The human organism, especially in the embryonic stage, is distinguished by many features that have been borrowed, not from the monkey only, but also from other animals. The living elements, the cells, present us the same types in man as in the mammals; sometimes these resemblances in the embryo continue to exist, and are even developed after birth. But this persistence or hyperplasy can not be made to serve as proof of the animal origin of man. Let us take this example of a hyperplasy of this kind: there is in the higher anthropoid apes a bony ramification that connects the jugular of the temporal with the frontal bone. It is sometimes developed in man, and is wanting in some individuals among the higher monkeys. I have shown, and M. Anoutchine has confirmed it, that this ramification occurs very frequently in the Australians, and we both regard the peculiarity as of simian origin. But we can not conclude from that that the Australians are simian-like, for the same peculiarity has been remarked, in some infrequent cases, in the skulls of Europeans; while there is not an example of men having such heads having furnished any other indication of simian organization or development. The bony ramification of the temporal jugular is nothing else than a special peculiarity, sometimes individual, sometimes racial, like curly hair, for example. When we look at a negro's head we might say that it resembles a sheep or a poodle; but, so far as we know, nobody has yet expressed the opinion that negroes are descended from sheep or from dogs. Still, the negroes are like sheep and poodle dogs in the hereditary transmission of a special peculiarity in their hair. In spite of that, their heads in no way resemble those of the animals we have mentioned. Bearing in mind these observations, we have become more circumspect now in our reasonings upon individual or racial analogies between man and animals; we certainly shall not forget that the human organization is in its essentials an animal organism, and that the monstrosities which occasionally appear may be regarded as results of atavism; but we shall require more convincing arguments before we assume a near relationship of man with any definite animal.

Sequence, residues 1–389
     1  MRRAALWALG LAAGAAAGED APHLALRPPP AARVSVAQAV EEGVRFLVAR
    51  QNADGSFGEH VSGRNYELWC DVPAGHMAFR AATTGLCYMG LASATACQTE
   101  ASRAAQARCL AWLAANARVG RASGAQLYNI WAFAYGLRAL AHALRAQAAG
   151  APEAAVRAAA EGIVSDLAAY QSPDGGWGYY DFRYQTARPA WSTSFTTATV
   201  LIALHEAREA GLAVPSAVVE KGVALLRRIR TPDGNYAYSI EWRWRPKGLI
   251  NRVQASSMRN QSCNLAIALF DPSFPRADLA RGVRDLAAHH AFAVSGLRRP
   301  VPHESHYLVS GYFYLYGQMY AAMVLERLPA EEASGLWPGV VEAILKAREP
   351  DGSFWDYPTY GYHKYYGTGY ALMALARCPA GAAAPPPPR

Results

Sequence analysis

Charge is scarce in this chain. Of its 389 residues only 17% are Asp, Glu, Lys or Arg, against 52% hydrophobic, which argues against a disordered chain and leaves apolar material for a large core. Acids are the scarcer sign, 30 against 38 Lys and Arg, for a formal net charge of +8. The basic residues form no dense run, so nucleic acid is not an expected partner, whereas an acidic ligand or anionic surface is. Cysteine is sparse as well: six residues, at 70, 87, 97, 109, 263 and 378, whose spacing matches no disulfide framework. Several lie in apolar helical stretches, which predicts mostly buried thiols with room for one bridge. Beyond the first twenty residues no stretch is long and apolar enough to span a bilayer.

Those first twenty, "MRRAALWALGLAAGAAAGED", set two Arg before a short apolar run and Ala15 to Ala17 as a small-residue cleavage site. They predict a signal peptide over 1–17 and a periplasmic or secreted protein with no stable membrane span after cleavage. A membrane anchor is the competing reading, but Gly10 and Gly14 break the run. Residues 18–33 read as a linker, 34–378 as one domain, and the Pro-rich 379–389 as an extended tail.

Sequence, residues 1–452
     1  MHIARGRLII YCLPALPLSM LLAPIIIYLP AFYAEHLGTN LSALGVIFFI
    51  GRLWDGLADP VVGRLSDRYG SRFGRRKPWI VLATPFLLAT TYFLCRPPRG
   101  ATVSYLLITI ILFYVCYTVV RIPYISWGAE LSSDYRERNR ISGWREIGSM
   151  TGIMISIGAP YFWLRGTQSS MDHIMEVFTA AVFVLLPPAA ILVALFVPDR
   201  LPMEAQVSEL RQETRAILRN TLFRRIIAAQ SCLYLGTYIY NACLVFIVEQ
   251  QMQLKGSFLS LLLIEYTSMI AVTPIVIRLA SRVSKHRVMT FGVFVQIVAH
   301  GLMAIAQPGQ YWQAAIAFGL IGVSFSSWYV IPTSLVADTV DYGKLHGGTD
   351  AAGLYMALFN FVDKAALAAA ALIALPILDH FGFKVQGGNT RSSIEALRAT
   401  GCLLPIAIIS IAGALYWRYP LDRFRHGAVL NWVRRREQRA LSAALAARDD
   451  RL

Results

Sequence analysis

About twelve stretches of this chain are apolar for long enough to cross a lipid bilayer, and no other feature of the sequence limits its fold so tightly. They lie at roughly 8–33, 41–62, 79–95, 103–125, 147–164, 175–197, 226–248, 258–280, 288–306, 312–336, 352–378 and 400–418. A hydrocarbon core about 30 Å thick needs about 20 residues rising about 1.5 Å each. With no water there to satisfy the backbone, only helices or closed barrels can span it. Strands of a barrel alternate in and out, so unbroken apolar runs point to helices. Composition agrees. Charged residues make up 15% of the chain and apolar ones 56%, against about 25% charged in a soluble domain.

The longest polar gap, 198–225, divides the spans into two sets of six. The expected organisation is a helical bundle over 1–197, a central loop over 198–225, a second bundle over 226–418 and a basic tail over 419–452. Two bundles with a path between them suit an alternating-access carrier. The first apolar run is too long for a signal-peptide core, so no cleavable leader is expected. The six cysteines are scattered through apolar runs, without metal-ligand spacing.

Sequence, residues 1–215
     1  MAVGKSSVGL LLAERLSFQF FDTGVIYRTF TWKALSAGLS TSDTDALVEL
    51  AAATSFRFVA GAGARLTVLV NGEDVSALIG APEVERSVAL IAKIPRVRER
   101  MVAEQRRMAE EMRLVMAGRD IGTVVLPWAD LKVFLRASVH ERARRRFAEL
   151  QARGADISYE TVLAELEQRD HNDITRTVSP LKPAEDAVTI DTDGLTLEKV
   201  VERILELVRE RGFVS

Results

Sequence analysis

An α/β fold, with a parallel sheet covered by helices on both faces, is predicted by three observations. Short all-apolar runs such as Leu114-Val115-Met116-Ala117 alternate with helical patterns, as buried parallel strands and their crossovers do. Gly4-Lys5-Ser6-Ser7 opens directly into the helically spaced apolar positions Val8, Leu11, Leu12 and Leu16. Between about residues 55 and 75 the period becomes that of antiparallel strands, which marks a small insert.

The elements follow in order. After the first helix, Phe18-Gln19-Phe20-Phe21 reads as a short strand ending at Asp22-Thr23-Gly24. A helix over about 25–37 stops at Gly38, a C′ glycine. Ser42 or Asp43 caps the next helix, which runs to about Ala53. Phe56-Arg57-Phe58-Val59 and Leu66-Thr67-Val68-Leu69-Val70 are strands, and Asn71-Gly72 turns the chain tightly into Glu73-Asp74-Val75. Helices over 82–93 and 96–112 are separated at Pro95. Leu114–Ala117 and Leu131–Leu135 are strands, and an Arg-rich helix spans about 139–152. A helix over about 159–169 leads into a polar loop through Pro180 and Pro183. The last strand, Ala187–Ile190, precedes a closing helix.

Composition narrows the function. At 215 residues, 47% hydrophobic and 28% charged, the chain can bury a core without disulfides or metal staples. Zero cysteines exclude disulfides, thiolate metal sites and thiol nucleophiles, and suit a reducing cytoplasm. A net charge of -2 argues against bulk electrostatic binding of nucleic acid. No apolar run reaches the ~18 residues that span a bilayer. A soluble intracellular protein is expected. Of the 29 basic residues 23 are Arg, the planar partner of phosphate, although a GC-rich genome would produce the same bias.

It was generally believed a few years ago that there yet existed a few human races which still remained in the primitive inferior condition of their organization. But all these races have been objects of minute investigation, and we know that they have an organization like ours, often indeed superior to that of supposed higher races; thus, the Eskimo head and the head of the Tierra del Fuegians belong to the perfected types. Some races have the same skulls very small, of about the same volume as the microcephalous skulls; for example, the inhabitants of the Andaman Islands and the Veddahs of Ceylon have been regarded as microcephalic. A more exact study has, however, shown a difference between them and the real microcephalic races. The head of an Andaman-islander or of a Veddah is very regular, only all its parts are a little smaller than among men of the ordinary races. Nanicephalic heads (dwarf), as I call them, have none of those characteristic anomalies that distinguish really microcephalic heads.